—`intlinprog`

uses heuristics that are similar to branch-and-bound steps, but follow just one branch of the tree down, without creating the other branches. This single branch leads to a fast “dive” down the tree fragment, hence the name “diving.” Currently,`intlinprog`

uses six diving heuristics in this order, until it obtains an integer-feasible point with a relative gap of less than 5% or takes too much time:Vector length diving

Coefficient diving

Fractional diving

Pseudo cost diving

Line search diving

Guided diving (applies when

`intlinprog`

already found at least one integer-feasible point)

Diving heuristics generally select one variable that is supposed to be integer-valued, for which the current solution is fractional. They then introduce a bound that forces that variable to be integer-valued, and solve the associated relaxed LP again. The method of choosing the variable to bound is the main difference between the diving heuristics. See Berthold [4], Section 3.1.

`'rss-diving'`

or`'rins-diving'`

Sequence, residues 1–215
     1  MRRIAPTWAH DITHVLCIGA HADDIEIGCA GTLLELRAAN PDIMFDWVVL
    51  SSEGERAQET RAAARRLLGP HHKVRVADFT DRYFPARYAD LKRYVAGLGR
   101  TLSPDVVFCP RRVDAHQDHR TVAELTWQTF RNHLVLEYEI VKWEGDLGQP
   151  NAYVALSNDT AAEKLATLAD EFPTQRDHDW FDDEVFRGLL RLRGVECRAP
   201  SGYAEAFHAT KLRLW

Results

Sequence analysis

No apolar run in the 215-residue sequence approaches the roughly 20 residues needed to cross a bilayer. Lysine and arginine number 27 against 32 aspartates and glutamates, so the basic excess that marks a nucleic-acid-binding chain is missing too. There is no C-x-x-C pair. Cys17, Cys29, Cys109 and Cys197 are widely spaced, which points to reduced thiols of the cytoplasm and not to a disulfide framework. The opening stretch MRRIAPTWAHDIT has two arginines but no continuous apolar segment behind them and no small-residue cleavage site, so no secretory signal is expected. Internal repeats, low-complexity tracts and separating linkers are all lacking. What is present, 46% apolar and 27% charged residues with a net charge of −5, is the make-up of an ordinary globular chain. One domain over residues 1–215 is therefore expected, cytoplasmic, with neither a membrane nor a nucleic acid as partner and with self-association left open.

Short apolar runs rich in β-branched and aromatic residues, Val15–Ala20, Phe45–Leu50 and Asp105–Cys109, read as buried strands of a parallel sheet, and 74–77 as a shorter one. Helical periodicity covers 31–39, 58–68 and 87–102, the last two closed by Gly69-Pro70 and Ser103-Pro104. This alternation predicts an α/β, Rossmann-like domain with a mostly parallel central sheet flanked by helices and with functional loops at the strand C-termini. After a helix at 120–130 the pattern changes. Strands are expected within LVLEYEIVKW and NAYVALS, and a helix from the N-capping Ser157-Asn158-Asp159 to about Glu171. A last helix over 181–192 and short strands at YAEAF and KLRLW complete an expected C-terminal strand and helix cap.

—`intlinprog`

tries`'diving'`

first, then (if necessary) the named heuristic method (`'rins'`

or`'rss'`

).`'round-diving'`

—`intlinprog`

tries`'round'`

first, then (if necessary) tries`'diving'`

.`'none'`

—`intlinprog`

does not search for a feasible point. It simply takes any feasible point it encounters in its branch-and-bound search.

The `'intermediate'`

and `'advanced'`

settings
run the various heuristics in an order that is likely to save time.
Both `'round'`

and `'diving'`

are
relatively fast procedures, and the solver stops trying heuristics
if one of these succeeds.

Each heuristic can have its own stopping criteria. For example,
the `HeuristicsMaxNodes`

criterion applies only to
the `'rss'`

and `'rins'`

heuristics.

After each heuristic completes with a feasible solution, `intlinprog`

calls
output functions and plot functions. See intlinprog Output Functions and Plot Functions.

If you include an `x0`

argument, `intlinprog`

uses that value in heuristics. In particular, improvement heuristics such as `rins`

and guided diving can start from `x0`

and attempt to improve the point. So setting the `'Heuristics'`

option to `'rins-diving'`

when you provide `x0`

can be effective. However, when the gap is small, heuristics do not run, so choosing `'rins-diving'`

does not always improve running time.

The branch-and-bound method constructs a sequence of subproblems